Rep. Phil Hare, D-Ill., responding to a question during a town hall meeting, said he's "not worried about the Constitution." That was in response to a question about the constitutionality of Obamacare. He told his constituents that the Constitution guaranteed each of us "life, liberty and the pursuit of happiness." Of course, our Constitution guarantees no such thing. The expression "life, liberty and the pursuit of happiness" is found in our Declaration of Independence.
During a debate, Rep. Jim McGovern, D-Mass., gave his opinion about the U.S. Supreme Court's ruling in Citizens United v. Federal Election Commission, concluding that "the Constitution is wrong." Not to be outdone, at his town hall meeting, Rep. Pete Stark, D-Calif., responded to a constituent's question about Obamacare by saying, "There are very few constitutional limits that would prevent the federal government from (making) rules that can affect your private life." Adding, "Yes, the federal government can do most anything in this country." The questioner responded, "People like you, sir, are destroying this nation." Her comment won shouts of approval from the audience.
Last year, a CNS reporter asked, "Madam Speaker, where specifically does the Constitution grant Congress the authority to enact an individual health insurance mandate?" Speaker Pelosi responded: "Are you serious? Are you serious?" She shares the vision of her fellow Californian Stark that Washington can do most anything.
Congressional ignorance of and contempt for our Constitution isn't on only the Democrat side of the aisle. During a town hall meeting, Rep. Frank LoBiondo, R-N.J., was asked by one of his constituents whether he knew what Article I, Section I of the Constitution mandated. He replied that, "Article I, Section I is the right to free speech."
Actually, Article I, Section I reads, "All legislative Powers herein granted shall be vested in a Congress of the United States, which shall consist of a Senate and House of Representatives." LoBiondo was later asked whether he knew the five rights guaranteed by the First Amendment. Fearing further revelation of his ignorance, he replied, "I can't articulate that."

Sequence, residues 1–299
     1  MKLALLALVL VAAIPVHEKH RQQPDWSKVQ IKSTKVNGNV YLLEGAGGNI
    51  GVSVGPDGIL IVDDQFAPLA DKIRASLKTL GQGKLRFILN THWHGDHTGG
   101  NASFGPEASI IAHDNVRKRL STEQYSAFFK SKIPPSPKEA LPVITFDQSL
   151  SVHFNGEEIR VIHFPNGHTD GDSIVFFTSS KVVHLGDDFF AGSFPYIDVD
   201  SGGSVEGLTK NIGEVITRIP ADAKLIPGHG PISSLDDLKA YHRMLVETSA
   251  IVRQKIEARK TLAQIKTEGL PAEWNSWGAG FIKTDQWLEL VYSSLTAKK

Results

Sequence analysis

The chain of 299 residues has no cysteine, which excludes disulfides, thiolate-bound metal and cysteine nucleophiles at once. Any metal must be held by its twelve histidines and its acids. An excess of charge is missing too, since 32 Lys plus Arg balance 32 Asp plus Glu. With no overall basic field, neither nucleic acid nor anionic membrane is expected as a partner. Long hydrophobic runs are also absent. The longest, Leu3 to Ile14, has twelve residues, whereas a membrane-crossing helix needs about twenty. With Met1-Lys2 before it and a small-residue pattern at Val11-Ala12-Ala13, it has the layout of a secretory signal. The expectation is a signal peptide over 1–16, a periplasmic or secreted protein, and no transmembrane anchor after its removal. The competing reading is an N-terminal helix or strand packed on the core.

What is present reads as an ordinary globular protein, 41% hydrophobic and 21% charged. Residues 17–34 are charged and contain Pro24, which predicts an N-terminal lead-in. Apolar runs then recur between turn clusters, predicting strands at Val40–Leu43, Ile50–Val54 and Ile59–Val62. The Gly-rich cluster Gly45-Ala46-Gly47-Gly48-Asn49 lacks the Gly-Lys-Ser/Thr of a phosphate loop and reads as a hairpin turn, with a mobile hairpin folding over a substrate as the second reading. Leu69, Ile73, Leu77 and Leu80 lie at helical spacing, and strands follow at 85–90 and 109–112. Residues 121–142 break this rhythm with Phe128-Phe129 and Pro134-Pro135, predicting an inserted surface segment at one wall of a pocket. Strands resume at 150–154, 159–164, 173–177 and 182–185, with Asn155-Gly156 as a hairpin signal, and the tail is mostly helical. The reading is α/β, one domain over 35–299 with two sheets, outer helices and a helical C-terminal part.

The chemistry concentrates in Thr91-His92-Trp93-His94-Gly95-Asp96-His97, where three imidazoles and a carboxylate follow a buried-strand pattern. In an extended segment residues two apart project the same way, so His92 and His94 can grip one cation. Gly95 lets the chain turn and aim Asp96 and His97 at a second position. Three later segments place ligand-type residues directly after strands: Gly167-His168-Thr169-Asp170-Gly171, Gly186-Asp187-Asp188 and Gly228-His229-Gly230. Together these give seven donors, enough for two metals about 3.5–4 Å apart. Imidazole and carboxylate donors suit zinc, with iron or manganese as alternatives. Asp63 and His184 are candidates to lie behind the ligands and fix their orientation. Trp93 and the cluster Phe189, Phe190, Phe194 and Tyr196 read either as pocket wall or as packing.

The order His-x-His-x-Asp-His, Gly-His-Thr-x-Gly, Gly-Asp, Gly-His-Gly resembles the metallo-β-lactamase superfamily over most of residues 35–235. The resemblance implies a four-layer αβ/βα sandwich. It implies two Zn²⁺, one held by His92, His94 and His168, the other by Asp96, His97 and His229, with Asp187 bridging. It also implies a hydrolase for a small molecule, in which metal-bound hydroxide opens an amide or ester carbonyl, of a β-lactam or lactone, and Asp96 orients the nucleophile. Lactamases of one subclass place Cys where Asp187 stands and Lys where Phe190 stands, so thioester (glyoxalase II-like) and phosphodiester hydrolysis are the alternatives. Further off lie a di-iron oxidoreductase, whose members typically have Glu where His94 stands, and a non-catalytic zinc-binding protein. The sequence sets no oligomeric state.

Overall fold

By the way, those five guarantees are: free exercise of religion, freedom of speech, freedom of the press, the right to peaceable assembly and the right to petition the government for redress of grievances.
Here, in part, is the oath of office that each congressman takes: "I do solemnly swear (or affirm) that I will support and defend the Constitution of the United States against all enemies, foreign and domestic; that I will bear true faith and allegiance to the same...." Here's my question to you: If one takes an oath to uphold and defend, and bear true faith and allegiance to the Constitution, at the minimum, shouldn't he know what he's supposed to uphold, defend and be faithful to?
If congressmen, judges, the president and other government officials were merely ignorant of our Constitution, there'd be hope — ignorance is curable through education. These people in Washington see themselves as our betters and rulers. They have contempt for the limits our Constitution places on the federal government envisioned by James Madison, the father of our Constitution, who explained in the Federalist Paper 45: "The powers delegated by the proposed Constitution to the federal government are few and defined. Those which are to remain in the State governments are numerous and indefinite. The former will be exercised principally on external objects, as war, peace, negotiation, and foreign commerce.... The powers reserved to the several States will extend to all the objects which in the ordinary course of affairs, concern the lives and liberties, and properties of the people, and the internal order, improvement and prosperity of the State."
Walter E. Williams is a professor of economics at George Mason University. To find out more about Walter E. Williams and read features by other Creators Syndicate writers and cartoonists, visit the Creators Syndicate Web page at www.creators.com.
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